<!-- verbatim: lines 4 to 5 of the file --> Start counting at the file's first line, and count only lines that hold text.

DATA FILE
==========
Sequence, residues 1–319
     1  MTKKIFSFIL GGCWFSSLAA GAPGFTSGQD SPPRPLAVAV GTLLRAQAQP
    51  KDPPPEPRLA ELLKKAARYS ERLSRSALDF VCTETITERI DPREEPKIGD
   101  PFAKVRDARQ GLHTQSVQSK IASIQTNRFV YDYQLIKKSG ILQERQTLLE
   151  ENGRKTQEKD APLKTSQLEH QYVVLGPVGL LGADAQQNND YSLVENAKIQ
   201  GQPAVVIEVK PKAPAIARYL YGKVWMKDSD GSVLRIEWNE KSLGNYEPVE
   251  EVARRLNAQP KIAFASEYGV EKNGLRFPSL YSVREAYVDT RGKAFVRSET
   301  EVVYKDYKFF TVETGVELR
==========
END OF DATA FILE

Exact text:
   101  PFAKVRDARQ GLHTQSVQSK IASIQTNRFV YDYQLIKKSG ILQERQTLLE
   151  ENGRKTQEKD APLKTSQLEH QYVVLGPVGL LGADAQQNND YSLVENAKIQ